http://nobelprize.org/nobel_prizes/medicine/laureates/1965/index.html

André Lwoff (1902 - 1994)

Vor aussi : 'L'ordre biologique' (Science, mai-aout 1966)

André Lwoff André Michel Lwoff was born on 8 May 1902 in Ainay-le-Château (Allier). He joined the Institut Pasteur at the age of 19. He had graduated in science and had done one year of medicine. Lwoff completed his studies while working in the laboratory. In 1921, he had the good fortune to study under a very great microbiologist, Edouard Chatton; Lwoff remained his colleague for seventeen years. It was through him that Lwoff joined the Institut Pasteur in the laboratory of Félix Mesnil. His first investigations were on the parasitic ciliates, their developmental cycle, and morphogenesis. Later, he worked on the problems involved in the nutrition of protozoans. André Lwoff obtained his M. D. in 1927 and his Ph. D. in 1932.
In 1932-1933 a grant from the Rockefeller Foundation enabled him to spend a year in Heidelberg in the laboratory of Otto Meyerhof. He studied haematin - a growth factor for the flagellates - the specificity of protohaematin, its quantitative effect on growth, and the part it played in the respiratory catalyst system.
Then in 1936, again with the aid of a grant from the Rockefeller Foundation, Lwoff and his wife spent seven months in Cambridge in the laboratory of David Keilin; factor V, which is required by Haemophilus influenzae, was identified with cozymase and its physiological role for the bacterium was defined.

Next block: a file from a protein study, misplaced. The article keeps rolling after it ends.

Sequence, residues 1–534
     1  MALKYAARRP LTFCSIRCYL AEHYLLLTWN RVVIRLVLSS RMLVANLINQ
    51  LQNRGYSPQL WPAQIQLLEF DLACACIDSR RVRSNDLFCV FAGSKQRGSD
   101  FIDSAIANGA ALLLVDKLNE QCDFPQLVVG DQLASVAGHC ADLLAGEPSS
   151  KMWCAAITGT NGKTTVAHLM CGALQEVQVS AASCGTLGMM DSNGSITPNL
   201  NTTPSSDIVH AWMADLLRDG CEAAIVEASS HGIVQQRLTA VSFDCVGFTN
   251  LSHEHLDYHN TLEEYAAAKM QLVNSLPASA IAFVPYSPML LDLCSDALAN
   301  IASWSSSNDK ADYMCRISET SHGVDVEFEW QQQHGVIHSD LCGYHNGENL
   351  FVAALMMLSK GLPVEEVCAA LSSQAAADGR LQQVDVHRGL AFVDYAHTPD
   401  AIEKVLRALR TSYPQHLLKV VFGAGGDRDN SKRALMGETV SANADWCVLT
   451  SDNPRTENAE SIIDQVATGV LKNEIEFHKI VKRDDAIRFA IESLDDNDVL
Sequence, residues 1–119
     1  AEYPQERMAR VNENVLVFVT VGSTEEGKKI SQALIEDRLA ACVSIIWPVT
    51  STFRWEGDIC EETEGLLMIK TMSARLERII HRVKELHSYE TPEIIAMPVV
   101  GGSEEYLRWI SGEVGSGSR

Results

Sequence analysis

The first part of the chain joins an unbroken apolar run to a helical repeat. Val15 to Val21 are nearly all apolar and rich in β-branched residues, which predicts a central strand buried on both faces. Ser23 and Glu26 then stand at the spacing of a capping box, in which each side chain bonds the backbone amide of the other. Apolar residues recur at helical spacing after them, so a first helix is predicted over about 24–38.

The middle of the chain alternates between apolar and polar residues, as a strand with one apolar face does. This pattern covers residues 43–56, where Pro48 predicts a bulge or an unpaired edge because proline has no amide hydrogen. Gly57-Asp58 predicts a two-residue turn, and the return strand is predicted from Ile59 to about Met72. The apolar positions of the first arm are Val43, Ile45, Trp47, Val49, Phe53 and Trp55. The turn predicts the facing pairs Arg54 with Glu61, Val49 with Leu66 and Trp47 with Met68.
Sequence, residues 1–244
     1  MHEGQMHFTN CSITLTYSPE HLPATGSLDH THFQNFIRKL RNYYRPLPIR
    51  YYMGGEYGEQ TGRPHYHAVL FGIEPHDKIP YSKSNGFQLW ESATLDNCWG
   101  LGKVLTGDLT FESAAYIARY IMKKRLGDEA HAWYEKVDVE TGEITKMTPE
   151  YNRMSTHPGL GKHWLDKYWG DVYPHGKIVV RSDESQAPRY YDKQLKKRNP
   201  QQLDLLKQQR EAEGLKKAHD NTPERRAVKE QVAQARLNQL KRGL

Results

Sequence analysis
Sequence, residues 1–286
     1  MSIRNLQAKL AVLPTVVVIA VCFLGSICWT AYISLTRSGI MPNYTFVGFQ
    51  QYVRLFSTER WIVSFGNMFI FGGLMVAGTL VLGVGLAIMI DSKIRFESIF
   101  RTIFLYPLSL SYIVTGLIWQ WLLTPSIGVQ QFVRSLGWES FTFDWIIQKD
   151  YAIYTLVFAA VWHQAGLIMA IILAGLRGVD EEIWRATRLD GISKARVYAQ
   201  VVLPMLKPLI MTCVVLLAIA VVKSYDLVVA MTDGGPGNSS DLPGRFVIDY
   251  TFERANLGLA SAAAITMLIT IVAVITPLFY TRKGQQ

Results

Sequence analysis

There were many other investigations on growth factors for flagellates and ciliates with regard to growth factors, loss of function, and physiological development until the time when Lwoff began working on the problem of lysogenic bacteria.
Dr. Lwoff was appointed Head of the Department at the Institut Pasteur in 1938, and Professor of Microbiology at the Science Faculty in Paris in 1959.
The observation of isolated bacteria led him to the conclusion that lysogenic bacteria did not secrete bacteriophages, that the production of bacteriophages led to the death of the bacterium, and above all that this production must be induced by external factors. It was this hypothesis which, together with Louis Siminovitch and Niels Kjeldgaard, led Lwoff to discover the inductive action of ultraviolet irradiation (1950).
In 1954 Prof. Lwoff began studying poliovirus. Experiments on the relations between the temperature sensitivity of viral development and neurovirulence led him to consider the problem of viral infection. In this way it became clear that non-specific factors play an important part in the development of the primary infection. He has now begun to investigate the action mechanism of specific inhibitors of viral development.
André Lwoff has been honoured by the following prizes of the Académie des Sciences: Lallemant, Noury, Longchampt, Chaussier, Petit d'Ormoy prizes and the Charles-Léopold Mayer Foundation prize. He also received the Barbier prize from the Académie de Médecine, and the Leeuwenhoek Medal of the Royal Netherlands Academy of Science and Arts (Amsterdam, 1960), as well as the Keilin Medal of the British Biochemical Society (1964).
He is a Honorary Member of the Harvey Society (1954), of the American Society of Biological Chemists (1961), of the Society for General Microbiology (1962), and a Corresponding Member of the Botanical Society of America (1956).